This section of the Cactus to Clouds trail covers the distance between the Palm Springs Art Museum and the Aerial Tramway station along the ridge. This trail is often broken into sections that range from 10 miles at the shortest to 20 miles at the longest. It gains more than 10,000 feet of elevation in under 14 miles making it one of the steepest trails in the world.
Need to Know
There can be extreme weather changes between the desert floor and the subalpine mountain ridge line. The lower trail has recorded temperatures as high as 110 F while the summit can drop to -10 F in winter. It is recommended you start early in the morning, well before sunrise. 3-5am is a typical start time.
There is no reliable water along the trail.
This route requires commitment. Once past the halfway point, it is more difficult to turn around than to push forward.
The Palm Springs Aerial Tram
will return you to the desert for a nominal fee.
This trail is maintained by local trail enthusiasts.
The most popular starting point is the Palm Springs Art Museum, park in the parking garage or on the street. You are likely starting in the dark so have your headlamp, extra batteries, and warm clothing ready to go. Even in the summer, you may need that warm clothing again when you reach the top.
The trail starts around 500 feet of elevation and climbs the eastern side of San Jacinto along a spiderweb of trails going in all directions. You'll likely see others on foot off to your left and right scrambling up the loose rock. Don't worry about picking the right trail here, as long as you are going uphill then you'll meet the main trail again shortly.
Once you are on a trail that actually looks like a trail, your speed will increase. The conditions are dusty with occasional loose rocks. Barrel cactus and Yucca loom out of the darkness towards you, take extra care when stepping over large rocks or pushing through brush. Yucca can pierce through even the stretchiest of yoga pants.
You'll pass lots of overlooks and vista points, one area even has several picnic tables. You may still see the occasional trail heading off to the side but keep to the ridge trail. You'll follow this ridge nearly to the top so if you find yourself in a creek or canyon, you know you are off trail.
Friendly visitors have left stone markers indicating your elevation as you climb. As of November 2015 these markers were pretty inaccurate. You'll pass two metal boxes as you climb, Rescue 1 and Rescue 2. This contain emergency supplies for those caught in a weather or medical emergency. Please don't use these reserves unless you're experiencing an emergency situation.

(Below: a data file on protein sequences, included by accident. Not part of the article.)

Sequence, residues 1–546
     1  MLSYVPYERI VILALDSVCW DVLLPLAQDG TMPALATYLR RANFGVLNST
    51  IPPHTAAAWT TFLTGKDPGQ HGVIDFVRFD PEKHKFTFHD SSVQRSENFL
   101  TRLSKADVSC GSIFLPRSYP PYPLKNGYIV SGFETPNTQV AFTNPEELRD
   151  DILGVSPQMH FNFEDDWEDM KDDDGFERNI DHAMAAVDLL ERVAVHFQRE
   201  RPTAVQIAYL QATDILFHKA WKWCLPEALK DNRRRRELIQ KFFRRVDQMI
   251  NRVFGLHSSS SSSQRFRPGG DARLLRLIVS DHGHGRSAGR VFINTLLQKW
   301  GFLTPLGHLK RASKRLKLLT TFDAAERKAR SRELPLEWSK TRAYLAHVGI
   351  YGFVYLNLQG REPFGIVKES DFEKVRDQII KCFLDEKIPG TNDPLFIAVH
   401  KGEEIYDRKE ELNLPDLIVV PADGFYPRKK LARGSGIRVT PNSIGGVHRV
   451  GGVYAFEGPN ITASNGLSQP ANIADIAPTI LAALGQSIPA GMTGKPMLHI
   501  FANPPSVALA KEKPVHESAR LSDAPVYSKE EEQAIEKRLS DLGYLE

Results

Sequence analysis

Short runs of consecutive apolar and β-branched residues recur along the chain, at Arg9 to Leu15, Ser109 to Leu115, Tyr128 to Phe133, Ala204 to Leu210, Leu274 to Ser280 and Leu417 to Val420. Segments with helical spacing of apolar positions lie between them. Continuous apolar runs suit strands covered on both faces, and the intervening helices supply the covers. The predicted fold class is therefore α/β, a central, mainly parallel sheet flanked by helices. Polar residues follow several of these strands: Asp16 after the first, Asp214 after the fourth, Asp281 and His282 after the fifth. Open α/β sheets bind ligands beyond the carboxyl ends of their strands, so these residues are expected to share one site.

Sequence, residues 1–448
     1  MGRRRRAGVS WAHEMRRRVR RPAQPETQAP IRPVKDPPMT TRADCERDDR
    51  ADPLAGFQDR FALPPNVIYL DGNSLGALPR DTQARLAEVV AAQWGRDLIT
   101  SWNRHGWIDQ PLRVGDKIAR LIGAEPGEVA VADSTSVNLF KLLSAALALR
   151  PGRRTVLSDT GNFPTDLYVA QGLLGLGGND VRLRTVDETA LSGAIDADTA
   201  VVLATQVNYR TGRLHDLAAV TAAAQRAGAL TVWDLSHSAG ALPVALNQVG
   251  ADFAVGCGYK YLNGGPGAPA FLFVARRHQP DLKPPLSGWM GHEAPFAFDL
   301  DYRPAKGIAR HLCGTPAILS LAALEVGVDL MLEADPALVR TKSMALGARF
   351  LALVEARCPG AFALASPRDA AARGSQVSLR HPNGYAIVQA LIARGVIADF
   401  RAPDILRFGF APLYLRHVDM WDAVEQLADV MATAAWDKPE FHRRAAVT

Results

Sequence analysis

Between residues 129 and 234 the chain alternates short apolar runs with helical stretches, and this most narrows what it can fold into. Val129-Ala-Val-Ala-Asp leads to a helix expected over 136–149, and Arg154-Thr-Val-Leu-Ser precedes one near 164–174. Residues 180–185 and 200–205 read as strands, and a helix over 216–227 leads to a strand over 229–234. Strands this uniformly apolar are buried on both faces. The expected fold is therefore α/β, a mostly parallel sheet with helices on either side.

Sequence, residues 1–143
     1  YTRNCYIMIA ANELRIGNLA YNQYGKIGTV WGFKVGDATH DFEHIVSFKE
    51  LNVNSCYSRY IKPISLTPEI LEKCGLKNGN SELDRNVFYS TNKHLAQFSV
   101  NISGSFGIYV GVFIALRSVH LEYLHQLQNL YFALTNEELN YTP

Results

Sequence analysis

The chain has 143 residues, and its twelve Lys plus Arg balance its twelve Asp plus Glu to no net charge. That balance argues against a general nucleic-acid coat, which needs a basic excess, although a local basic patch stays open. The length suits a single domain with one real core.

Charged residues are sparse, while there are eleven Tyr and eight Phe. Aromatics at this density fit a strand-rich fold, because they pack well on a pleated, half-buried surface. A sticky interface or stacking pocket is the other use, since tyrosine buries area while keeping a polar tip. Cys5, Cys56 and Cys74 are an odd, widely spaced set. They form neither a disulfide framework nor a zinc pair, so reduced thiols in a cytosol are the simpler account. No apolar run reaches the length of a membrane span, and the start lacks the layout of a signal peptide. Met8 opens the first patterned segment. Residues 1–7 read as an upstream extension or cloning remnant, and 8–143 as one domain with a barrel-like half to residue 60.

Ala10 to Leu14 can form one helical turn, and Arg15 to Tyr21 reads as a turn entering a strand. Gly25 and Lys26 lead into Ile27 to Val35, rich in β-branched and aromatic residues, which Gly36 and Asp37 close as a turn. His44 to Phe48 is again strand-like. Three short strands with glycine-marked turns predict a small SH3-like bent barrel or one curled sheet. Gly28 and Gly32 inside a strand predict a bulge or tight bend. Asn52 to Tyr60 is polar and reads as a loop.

When your trail turns from west to north, you are nearing the most difficult part. At around 7,000 feet the trail becomes extremely steep and loose in an area called The Traverse. In dry conditions it is challenging but in snow conditions parts of the trail are extremely difficult to follow. By this point you should hear the hum of the Palm Springs aerial tramway in the canyon to the north. If you become disoriented, head towards this sound but beware the drop.
Atop the ridge at 8,200 feet is a broad expanse of fields or blinding snowstorms, depending on what month you choose to undertake the excursion. Head north and follow the signs for the tram building. Inside the large structure is the tram depot, a restaurant, bar, and California State Park visitor center.
Many travelers, me included, end their trip here but others may choose to continue along the trail to the top of Mount San Jacinto in another 2,400 feet of climbing along a well maintained trail. Just follow the signs for the summit and stop by the Ranger station along the way for the most up to date info on the summit conditions. Compared to the rest of the trail, this part is a cakewalk. If you rode the tram up to the station and are only just starting, you may find the elevation affects you.
Flora & Fauna
Creosote Bush (Larrea tridentata), California Fan Palm (Washingtonia filifera), Barrel Cactus (Ferocactus cylindraceus), Spanish Bayonet (Yucca Whipplei).
Coyote (Canis latrans), Cactus Wren (Campylorhynchus brunneicapillus), Roadrunner (Geococcyx californianus)
History & Background
Naturalist John Muir wrote of San Jacinto Peak, "The view from San Jacinto is the most sublime spectacle to be found anywhere on this earth!"
Shared By: Jeremy Francis